Seaboard Air Line Railroad Company v. Branham

Annotate this Case

104 So. 2d 356 (1958)

SEABOARD AIR LINE RAILROAD COMPANY and R.H. Williams, a resident of the State of Florida, Petitioners, v. Jesse H. BRANHAM, Respondent.

Supreme Court of Florida.

July 9, 1958.

Rehearing Denied August 1, 1958.

*357 Smathers, Thompson & Dyer and L.S. Bonsteel, Miami, for petitioners.

Nichols, Gaither, Green, Frates & Beckham and Sam Daniels, Miami, for respondent.

SEBRING, Justice.

Jesse H. Branham, who was the plaintiff below, sued Seaboard Air Line Railroad Company and R.H. Williams to recover damages for injuries resulting from the negligent operation of one of the trains of the railroad company. From a judgment in favor of the plaintiff, the defendants appealed, assigning as error the refusal of the Circuit Court to direct a verdict in their favor at the close of the plaintiff's case in chief and at the end of the entire case. The District Court of Appeal, Third District, affirmed the judgment, Seaboard Air Line Railroad Company v. Branham, Fla., 99 So. 2d 621, and the defendants thereupon petitioned this court for a writ of certiorari to review the District Court decision on the ground that it "is in conflict with and, by implication, seeks to overrule this Court's decision in Louisville & Nashville Railroad Company v. Holland, Fla., 79 So. 2d 691 * * *." The petition for the writ of certiorari was granted and the matter is now before this court for final consideration.

Section 4, Article V, Florida Constitution, F.S.A. provides, so far as is material here, that "The supreme court may review by certiorari any decision of a district court of appeal * * * that is in direct conflict with a decision * * * of the supreme court on the same point of law." (Italics supplied.)

As is pointed out by this court in Ansin v. Thurston, Fla., 101 So. 2d 808, 811, the discretionary power of review *358 granted by the portion of the Constitution we have quoted is concerned "with decisions as precedents as opposed to adjudications of the rights of particular litigants." While by a "decision" of a court is generally meant the judgment, and not the "opinion", which represents merely the reasons for that judgment, 14 Am.Jur., Courts ยง 131, we are of the view that as the term is used in the constitutional provision under consideration "decision" comprehends both the opinion and judgment. The reason for the adoption of the constitutional provision and the manner in which the jurisdiction therein conferred will be exercised are discussed in Lake v. Lake, Fla., 103 So. 2d 639, 643.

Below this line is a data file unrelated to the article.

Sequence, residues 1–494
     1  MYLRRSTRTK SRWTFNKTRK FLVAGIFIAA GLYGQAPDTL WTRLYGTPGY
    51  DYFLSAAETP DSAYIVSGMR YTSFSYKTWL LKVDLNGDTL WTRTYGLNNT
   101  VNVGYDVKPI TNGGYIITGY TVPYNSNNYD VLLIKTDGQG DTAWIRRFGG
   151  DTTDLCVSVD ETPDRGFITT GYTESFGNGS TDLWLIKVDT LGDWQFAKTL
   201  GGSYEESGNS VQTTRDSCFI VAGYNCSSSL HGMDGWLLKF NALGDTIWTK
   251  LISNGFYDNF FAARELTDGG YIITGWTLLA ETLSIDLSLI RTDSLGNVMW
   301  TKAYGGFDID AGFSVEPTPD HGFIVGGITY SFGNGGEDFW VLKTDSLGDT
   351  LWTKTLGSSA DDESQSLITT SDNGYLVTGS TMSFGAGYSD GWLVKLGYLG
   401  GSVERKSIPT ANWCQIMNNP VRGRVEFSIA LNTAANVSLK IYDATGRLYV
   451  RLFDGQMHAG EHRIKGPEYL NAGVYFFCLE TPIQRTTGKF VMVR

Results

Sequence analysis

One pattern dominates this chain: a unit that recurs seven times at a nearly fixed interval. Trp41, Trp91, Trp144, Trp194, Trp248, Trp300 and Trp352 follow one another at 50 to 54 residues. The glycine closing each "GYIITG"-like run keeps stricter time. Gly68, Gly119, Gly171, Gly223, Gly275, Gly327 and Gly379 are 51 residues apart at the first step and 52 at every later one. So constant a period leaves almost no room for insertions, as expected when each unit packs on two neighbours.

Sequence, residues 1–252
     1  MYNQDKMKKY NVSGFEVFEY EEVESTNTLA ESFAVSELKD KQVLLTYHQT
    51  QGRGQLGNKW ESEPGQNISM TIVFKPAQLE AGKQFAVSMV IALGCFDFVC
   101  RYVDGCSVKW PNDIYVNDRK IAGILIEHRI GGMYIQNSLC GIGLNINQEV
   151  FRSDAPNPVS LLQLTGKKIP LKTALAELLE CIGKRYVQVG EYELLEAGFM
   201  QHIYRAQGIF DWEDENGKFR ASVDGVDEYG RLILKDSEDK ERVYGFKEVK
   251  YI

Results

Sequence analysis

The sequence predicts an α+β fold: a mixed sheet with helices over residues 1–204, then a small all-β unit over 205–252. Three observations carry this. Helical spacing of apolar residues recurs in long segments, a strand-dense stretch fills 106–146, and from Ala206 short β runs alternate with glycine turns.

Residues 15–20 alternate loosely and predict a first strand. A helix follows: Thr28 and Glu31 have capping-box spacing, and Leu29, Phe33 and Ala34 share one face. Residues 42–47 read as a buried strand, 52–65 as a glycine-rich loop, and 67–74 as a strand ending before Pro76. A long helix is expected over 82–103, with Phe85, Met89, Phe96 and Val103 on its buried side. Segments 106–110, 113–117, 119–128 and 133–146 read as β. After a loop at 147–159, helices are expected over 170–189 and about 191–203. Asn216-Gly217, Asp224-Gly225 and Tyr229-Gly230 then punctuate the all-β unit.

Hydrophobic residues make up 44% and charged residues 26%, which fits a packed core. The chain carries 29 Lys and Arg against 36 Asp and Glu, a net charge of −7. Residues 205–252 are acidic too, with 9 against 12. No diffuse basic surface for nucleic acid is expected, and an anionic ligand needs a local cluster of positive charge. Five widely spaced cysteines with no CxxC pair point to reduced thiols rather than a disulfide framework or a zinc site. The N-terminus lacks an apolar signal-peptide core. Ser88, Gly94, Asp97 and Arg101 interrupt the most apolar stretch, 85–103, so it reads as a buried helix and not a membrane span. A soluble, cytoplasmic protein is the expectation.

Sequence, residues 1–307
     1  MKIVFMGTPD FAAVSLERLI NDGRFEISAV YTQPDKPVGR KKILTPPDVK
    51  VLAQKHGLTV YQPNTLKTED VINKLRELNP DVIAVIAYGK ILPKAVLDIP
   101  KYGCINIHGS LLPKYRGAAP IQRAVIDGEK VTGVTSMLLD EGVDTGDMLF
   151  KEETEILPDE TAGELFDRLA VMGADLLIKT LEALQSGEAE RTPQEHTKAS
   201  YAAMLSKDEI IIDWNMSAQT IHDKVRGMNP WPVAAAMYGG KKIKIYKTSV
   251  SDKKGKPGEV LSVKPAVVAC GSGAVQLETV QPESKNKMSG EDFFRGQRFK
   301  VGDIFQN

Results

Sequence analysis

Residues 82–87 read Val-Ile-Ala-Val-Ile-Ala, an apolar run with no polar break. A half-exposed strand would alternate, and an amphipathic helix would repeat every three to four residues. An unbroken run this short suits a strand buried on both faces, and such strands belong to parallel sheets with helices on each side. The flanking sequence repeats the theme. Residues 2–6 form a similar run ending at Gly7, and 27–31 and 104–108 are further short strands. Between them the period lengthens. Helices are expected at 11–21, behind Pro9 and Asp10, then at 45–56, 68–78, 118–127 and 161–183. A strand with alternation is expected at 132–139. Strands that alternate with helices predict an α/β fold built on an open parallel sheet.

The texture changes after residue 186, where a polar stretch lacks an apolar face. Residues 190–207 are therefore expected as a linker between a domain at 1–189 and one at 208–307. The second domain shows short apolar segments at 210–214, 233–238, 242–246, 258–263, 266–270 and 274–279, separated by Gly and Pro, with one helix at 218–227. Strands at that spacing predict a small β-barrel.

In the opinion it is said that "If in a particular case an opinion is rendered by a district court of appeal that prima facie conflicts with a decision of another district court of appeal or of the Supreme Court on the same point of law, the writ of certiorari may issue and, after study, may be discharged, or the decision of the district court of appeal may be quashed or modified to the end that any conflict may be reconciled." (Italics supplied.)

Thus, the court has delineated the procedure it intends to follow in respect to its discretionary power to determine whether or not there exists direct conflicts between decisions of a district court and the Supreme Court on the same point of law: The Court will examine the opinion upon which the district court of appeal decision is based, and if the opinion, on its face, shows the probable existence of a direct conflict between the two decisions, on the same point of law, the writ of certiorari may issue and, after study, may be discharged, or the decision of the district court of appeal may be quashed or modified to the end that any direct conflict between the decisions on the same point of law may be reconciled.

In the instant case the petitioners have not alleged that the decision of the District Court of Appeal is in direct conflict with a prior decision of the Supreme Court but only that it is "in conflict with and, by implication, seeks to overrule" the prior decision. On the face of the petition, therefore, the petitioners have failed to allege facts that would authorize the exercise of jurisdiction by this Court. But, quite aside from this procedural defect, an actual examination of the decision of the District Court of Appeal to which the petition for certiorari is addressed and the earlier decision of this Court with which it is supposed to be in direct conflict fails to disclose the direct conflict suggested by the petitioners. To grant a review of the decision of the District Court of Appeal under these circumstances would amount, in effect, to allowing the petitioners two separate successive appeals at two separate and distinct appellate levels; and this the constitution does not authorize. Consequently, the writ of certiorari should be discharged.

It is so ordered.

TERRELL, C.J., and THOMAS, HOBSON and THORNAL, JJ., concur.